The recent deaths of two individuals with a local connection provide an opportunity to revisit the somber history of a cop shooting in West Hempstead whose effect still carries strong reverberations, despite the long passage of time. The shooting occurred on October 7, 1975 and took the life of NCPD Officer Matthew Giglio, after a courageous two month struggle for his life at Mercy Hospital. This past August 4, Giglio’s killer, John MacKenzie, died in prison after an apparent suicide, while serving a 25 years to life sentence. And more recently, our friend and resident of nearby Malverne, NYPD Detective Steven MacDonald, himself a victim of a 1986 shooting while on duty, passed away on January 10.

There are few residents of West Hempstead who have resided here long enough to remember the only cop killing to have occurred in our hamlet. Indeed, most people walk right past the scene of the crime, right in the center of town along Hempstead Avenue, with nary a clue as to what transpired there. The following is a synopsis of the incident.

Since 1948, the row of shops at the corner of Hempstead Ave and Locust St. have occupied a prominent place on West Hempstead’s landscape.

One of these stores, Filnord’s Pharmacy at 492 Hempstead Ave, was the site of WH’s first permanent post office. The 1960s saw the popular Tony’s Delicatessen as the occupant at 486 Hempstead. By  1971, Tony’s gave way to a boutique clothing store called Thelma J’s, the kind of which was more common back in those days but rarely seen today. It was outside this boutique where the shooting occurred. On October 4th, MacKenzie and his accomplice, Colleen Irby, cased out Thelma J’s in the guise of customers, when MacKenzie asked to use the bathroom in the back of the store which contained a window facing the rear of the building. On a typical cool early morning of October 7th, 1975, two Nassau County patrol officers responded to a burglary at Thelma J’s, where it was reported that hundreds of articles of clothing were stolen. At 2:30am, the two officers on the scene questioned Irby, who was sitting in a car at the back of the store and called for backup, whereafter Officer Giglio, working as a police EMT, promptly arrived at the scene. Upon arrival, Giglio spotted MacKenzie exiting the front of the store when MacKenzie fired his gun, striking Giglio in the abdomen. The two officers rushed to Giglio’s aid and drove him to Mercy Hospital in his own ambulance. At the hospital doctors made the bleak discovery that the bullet had hemorrhaged Giglio’s aorta.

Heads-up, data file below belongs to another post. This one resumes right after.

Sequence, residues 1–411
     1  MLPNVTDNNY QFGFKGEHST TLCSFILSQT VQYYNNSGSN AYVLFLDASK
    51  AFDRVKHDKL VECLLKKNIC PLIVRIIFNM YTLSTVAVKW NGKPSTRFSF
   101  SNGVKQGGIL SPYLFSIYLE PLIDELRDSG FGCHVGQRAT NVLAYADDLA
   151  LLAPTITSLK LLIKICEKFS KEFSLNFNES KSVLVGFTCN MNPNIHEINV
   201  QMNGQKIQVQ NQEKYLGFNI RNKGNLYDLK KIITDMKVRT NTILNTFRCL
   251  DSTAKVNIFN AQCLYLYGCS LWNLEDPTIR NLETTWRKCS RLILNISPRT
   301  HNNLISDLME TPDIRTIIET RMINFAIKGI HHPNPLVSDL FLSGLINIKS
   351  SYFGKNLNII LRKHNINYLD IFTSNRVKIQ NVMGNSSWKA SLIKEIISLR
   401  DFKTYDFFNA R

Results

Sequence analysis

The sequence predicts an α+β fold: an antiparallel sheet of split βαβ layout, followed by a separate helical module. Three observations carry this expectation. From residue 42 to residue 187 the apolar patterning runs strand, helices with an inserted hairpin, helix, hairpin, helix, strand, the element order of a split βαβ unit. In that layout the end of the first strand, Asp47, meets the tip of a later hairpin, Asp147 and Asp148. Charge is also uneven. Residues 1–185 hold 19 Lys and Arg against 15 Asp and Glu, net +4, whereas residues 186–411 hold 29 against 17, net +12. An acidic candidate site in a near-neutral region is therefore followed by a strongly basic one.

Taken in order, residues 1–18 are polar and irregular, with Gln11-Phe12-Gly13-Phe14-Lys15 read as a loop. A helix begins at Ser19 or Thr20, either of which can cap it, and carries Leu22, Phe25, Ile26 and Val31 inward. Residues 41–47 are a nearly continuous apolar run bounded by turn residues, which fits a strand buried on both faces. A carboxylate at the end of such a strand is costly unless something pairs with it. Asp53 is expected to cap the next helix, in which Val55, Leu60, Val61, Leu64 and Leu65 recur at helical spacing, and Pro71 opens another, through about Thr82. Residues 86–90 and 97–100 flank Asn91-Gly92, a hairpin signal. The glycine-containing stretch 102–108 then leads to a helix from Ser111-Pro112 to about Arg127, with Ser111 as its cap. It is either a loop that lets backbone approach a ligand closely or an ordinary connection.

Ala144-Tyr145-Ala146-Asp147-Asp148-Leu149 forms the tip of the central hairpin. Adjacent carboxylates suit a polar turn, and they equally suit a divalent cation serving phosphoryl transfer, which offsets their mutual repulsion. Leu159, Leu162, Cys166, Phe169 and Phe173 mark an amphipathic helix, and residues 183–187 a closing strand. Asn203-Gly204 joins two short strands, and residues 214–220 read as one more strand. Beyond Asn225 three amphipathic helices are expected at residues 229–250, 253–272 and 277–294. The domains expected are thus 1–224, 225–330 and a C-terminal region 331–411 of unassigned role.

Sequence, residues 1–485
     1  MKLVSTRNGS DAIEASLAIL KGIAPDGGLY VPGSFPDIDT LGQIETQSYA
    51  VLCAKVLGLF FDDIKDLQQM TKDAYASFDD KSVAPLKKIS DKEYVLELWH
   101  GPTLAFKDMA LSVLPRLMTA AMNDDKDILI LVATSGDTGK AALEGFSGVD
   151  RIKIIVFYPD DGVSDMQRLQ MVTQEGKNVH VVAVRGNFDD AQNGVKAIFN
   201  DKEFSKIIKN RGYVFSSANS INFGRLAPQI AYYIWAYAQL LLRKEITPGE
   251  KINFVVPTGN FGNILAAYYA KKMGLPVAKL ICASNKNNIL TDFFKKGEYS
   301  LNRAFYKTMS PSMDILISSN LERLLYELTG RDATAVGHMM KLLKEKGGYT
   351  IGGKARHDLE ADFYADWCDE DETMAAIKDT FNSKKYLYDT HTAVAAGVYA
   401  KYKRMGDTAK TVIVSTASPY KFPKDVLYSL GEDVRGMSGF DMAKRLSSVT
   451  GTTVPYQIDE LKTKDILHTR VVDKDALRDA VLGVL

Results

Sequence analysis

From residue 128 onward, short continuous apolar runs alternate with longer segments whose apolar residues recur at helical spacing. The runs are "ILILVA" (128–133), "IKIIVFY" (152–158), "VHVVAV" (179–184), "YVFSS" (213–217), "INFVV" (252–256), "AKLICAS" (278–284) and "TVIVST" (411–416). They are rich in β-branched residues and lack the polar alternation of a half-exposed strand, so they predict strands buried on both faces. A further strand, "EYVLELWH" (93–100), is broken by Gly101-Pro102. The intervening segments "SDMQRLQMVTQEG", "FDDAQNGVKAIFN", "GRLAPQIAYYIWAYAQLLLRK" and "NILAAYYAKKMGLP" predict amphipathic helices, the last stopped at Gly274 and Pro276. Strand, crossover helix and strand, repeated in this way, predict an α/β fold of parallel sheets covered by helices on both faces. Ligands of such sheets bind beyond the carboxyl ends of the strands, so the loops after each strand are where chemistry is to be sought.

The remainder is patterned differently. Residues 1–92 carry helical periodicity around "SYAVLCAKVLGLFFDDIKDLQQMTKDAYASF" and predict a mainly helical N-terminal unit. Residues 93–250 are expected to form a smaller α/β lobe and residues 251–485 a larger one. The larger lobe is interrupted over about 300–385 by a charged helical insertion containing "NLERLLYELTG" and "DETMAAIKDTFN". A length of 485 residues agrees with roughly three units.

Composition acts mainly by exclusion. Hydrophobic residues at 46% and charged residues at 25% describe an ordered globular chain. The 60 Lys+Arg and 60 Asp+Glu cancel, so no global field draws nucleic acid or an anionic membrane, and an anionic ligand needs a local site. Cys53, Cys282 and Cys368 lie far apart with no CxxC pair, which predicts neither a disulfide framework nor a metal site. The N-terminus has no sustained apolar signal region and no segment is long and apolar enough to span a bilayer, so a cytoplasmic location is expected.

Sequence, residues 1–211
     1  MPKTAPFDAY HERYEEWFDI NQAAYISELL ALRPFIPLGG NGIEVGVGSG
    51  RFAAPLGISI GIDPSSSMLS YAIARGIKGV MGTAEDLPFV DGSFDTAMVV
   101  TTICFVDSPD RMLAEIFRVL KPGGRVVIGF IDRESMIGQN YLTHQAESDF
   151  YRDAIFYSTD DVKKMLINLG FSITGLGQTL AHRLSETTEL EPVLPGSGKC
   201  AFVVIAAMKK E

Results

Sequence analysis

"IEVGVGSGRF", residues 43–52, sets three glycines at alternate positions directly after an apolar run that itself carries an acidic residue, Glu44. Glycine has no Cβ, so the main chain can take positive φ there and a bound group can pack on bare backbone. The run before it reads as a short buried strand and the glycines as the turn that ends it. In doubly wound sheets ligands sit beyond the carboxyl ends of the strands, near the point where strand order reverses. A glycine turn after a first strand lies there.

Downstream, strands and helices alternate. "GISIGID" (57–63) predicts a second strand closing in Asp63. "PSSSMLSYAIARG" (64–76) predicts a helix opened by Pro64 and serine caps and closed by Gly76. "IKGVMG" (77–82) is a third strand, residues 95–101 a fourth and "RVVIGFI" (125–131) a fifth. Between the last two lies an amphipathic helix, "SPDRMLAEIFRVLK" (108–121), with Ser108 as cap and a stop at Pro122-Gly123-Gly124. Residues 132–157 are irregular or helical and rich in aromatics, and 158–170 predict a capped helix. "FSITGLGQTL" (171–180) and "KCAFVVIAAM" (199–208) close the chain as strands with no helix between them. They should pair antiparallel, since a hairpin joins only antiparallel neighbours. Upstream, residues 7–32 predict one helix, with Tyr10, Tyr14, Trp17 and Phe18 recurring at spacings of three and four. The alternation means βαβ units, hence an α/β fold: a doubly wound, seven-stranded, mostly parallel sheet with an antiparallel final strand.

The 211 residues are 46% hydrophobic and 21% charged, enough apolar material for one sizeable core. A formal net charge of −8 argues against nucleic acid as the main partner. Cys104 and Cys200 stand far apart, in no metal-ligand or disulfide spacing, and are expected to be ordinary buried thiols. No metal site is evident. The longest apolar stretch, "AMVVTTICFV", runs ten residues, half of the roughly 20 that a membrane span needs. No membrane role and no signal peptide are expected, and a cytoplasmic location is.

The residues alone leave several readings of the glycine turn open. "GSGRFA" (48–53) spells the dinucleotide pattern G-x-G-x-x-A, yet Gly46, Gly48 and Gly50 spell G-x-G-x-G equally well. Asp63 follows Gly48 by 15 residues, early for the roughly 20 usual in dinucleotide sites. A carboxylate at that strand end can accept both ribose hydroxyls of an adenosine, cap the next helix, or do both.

Back at the scene, hundreds of police officers, as well as two police helicopters, descended upon West Hempstead and started a massive manhunt for the shooter. At 10:00am, officers found MacKenzie hiding out in a nearby garage and located the weapon nearby as well. At the hospital, Giglio underwent eight hours of surgery and received 35 pints of blood in a desperate attempt to save his life. In the first few days, Giglio was able to communicate by scribbling simple messages on a piece of paper, but then he slipped into a coma, never to recover. As weeks passed, Giglio developed an infection in his leg, which required an amputation. All the while, his comrades and family members kept a bedside vigil, praying that he might rally. Local churches and synagogues also held special prayer services for Giglio until he took his final breath after a seventy day battle, on December 16th.